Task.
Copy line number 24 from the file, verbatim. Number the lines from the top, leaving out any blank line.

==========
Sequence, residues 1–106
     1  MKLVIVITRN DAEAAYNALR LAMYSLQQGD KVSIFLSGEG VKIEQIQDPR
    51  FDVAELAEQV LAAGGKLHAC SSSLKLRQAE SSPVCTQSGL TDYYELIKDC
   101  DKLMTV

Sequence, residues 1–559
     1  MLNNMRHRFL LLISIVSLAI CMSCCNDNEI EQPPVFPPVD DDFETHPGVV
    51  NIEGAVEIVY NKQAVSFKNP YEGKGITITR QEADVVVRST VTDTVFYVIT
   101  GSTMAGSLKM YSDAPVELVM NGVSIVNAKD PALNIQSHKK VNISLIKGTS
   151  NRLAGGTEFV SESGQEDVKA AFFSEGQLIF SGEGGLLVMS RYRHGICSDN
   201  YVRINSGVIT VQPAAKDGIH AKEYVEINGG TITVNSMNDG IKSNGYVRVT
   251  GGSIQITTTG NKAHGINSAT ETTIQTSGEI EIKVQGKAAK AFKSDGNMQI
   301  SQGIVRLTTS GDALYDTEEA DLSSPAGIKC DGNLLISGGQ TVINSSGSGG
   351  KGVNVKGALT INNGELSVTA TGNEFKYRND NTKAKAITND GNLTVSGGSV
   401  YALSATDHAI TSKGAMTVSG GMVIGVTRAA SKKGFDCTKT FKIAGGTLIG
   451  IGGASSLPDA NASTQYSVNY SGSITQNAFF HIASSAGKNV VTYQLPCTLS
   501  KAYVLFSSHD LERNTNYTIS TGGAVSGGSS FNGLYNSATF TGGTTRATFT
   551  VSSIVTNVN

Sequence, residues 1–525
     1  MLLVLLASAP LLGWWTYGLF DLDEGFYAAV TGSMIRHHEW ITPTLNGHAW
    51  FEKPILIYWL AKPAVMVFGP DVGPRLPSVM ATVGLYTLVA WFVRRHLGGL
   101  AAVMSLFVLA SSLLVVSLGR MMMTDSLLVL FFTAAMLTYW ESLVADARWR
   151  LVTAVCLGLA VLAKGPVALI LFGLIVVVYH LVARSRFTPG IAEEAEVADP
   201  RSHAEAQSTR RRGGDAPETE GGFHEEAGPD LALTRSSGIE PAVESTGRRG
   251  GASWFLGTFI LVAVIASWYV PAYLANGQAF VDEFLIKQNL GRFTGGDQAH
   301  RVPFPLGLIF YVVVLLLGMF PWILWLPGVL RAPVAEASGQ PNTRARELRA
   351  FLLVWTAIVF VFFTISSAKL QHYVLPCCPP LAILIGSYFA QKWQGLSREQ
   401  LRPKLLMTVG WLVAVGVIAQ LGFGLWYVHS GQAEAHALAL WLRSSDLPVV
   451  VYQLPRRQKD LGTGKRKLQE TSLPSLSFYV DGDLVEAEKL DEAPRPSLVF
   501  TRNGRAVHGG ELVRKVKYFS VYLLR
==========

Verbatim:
   251  GASWFLGTFI LVAVIASWYV PAYLANGQAF VDEFLIKQNL GRFTGGDQAH